An organic entity endowed with a soul, E 1027 is a model of sensitive modernity. Here, Gray and Badovici intend that one should “find within the architectural construction the joy of feeling perfectly himself, as though part of a whole which both extends and completes the self.”

Tempe a Pailla
In 1931, Eileen Gray embarks upon the design of her own house, Tempe a Pailla (a Mentonasc proverb meaning “time for yawning”), which will remain the only project which she designs entirely independently.

Construction begins in 1934 on a site of old cisterns in the hills of Menton. Amidst vineyards and citrus trees, the house seeks to be hidden from view. While Tempe a Pailla borrows certain concepts from the villa E 1027 in its multiplication of references to ocean liners and in the addition of a diagram of wind patterns to the diagram of the trajectory of the sun, Eileen Gray nonetheless chooses an architectural treatment which lies at the crossroads of modernism and the vernacular. Her fierce independence of spirit incites her to satisfy her own desires and needs rather than to implement the “Five Points Towards a New Architecture” as defined by Le Corbusier and Pierre Jeanneret. Developing the architecture/furniture relationship to its utmost in this project, she creates a series of prototype furniture: a mobile pant-rack, a seat-stepladder-towel-rack, a retractable bench, an extendable wardrobe. At the close of the Second World War, Gray undertakes a large scale restoration of the house which had been greatly damaged. She finally sells it to painter Graham Sutherland in 1955.

Lou Pérou
At the age of 76 years old, with the help of a local architect, Eileen Gray embarks upon her last architectural project: the restoration and extension of a country house which she had owned since 1939. In the heart of a vineyard, not far from the Chapelle Sainte-Anne and just south of Saint-Tropez, Lou Pérou would be her last summer refuge. The sobriety of the site, the simplicity of the volumes, the rustic nature of the materials and the proximity to nature all appeal to the designer who wishes to construct a modest and discrete project. In a clearly vernacular style, the basic architecture establishes a discourse with the gardens and the layout of the terraces. Interior and exterior spaces intermingle and echo one another with simplicity and elegance.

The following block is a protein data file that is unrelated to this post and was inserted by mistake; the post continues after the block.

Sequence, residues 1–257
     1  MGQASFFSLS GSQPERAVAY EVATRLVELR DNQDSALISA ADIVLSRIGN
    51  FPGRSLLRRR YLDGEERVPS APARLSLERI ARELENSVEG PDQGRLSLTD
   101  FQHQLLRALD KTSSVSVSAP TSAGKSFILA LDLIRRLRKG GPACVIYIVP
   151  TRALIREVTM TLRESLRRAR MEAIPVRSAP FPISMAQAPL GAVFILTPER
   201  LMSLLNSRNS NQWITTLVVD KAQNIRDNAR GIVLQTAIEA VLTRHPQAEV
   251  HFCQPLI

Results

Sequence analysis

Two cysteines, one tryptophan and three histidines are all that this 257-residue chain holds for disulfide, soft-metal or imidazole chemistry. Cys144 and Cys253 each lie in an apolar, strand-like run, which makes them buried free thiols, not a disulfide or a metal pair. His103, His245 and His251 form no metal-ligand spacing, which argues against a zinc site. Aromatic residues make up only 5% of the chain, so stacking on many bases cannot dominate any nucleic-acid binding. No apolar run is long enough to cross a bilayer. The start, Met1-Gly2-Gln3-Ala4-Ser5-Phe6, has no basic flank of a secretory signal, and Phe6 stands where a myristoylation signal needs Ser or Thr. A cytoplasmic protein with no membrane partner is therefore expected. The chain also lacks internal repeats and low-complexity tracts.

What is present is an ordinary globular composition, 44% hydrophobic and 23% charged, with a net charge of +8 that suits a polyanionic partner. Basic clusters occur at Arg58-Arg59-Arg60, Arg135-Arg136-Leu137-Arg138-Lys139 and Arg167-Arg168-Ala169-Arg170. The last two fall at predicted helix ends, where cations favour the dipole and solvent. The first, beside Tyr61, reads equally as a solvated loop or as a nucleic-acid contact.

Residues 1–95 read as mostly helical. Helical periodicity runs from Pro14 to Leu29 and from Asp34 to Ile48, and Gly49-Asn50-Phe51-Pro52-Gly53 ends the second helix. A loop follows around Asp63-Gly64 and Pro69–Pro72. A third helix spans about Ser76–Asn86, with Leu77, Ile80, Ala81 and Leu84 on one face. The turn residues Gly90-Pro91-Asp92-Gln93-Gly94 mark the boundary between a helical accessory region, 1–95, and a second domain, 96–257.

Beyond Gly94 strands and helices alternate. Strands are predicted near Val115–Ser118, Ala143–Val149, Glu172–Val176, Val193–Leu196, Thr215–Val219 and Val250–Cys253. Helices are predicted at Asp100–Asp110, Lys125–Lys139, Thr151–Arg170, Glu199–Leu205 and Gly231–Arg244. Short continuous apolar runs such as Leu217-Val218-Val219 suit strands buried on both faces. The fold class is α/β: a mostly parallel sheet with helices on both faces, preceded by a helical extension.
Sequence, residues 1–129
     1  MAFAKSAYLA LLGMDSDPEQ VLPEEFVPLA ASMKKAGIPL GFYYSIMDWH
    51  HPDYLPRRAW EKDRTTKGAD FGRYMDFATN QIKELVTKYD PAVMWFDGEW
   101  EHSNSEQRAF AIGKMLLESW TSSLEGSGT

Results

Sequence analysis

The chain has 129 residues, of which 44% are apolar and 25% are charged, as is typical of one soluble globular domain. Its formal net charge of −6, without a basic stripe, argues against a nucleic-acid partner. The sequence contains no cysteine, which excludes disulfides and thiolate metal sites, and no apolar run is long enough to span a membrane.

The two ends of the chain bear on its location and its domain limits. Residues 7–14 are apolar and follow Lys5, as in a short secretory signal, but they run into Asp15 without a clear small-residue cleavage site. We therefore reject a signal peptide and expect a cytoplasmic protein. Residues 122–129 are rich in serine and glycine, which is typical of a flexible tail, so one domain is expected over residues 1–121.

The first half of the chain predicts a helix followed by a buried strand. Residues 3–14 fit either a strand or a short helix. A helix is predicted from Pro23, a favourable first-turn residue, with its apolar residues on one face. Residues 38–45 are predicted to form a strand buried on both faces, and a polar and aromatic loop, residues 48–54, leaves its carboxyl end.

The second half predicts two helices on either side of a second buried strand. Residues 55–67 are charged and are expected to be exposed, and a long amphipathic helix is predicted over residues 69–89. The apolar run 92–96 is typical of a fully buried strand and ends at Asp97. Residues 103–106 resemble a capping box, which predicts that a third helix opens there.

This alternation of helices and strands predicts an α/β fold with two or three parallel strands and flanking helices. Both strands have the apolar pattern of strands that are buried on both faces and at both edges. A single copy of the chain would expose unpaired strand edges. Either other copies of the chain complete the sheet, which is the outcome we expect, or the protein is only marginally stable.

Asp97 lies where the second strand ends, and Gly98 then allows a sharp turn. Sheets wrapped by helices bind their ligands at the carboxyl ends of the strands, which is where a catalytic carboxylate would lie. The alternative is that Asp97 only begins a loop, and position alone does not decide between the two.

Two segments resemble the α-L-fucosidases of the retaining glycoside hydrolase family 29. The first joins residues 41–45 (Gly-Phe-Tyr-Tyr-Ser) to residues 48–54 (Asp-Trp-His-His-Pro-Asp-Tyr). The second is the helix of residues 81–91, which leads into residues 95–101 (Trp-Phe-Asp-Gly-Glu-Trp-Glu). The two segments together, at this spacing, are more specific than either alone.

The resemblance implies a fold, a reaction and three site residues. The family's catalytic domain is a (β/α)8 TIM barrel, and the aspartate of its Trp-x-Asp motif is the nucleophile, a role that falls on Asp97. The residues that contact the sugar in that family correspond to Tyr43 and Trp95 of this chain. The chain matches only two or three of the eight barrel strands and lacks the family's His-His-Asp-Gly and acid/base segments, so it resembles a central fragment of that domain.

Personal Creation
Although considered secondary in the oeuvre of Eileen Gray, the practice of painting remains nonetheless consistent throughout her life. Her training as a painter at the Slade School of Fine Art, the Académie Colarossi and the Académie Julian leads her to exhibit a watercolour in 1902, and then a painting in 1905, at the Salon de la Société des Artistes Français held at the Grand Palais. Despite the fact that she abandons canvas and paper media for a period of time, she never stops painting and drawing. Lacquered panels and carpets become her new media for creation, through which she develops her research into geometric abstraction. Architectural drawing monopolises the greater part of her attention from the mid-1920s onwards, even if she continues to devote herself to photography, painting and collage until the end of her life. Letters addressed to her niece, painter Prunella Clough, bear witness to the keen interest with which Gray continues to view her initial training, although she is over 90 years old: “I can understand you ask yourself sometimes why go on, when painting seems to aim either at total facility or total destruction… I can see what Tapié means when he says it’s unnecessary that painting should express anything at all, but just be”.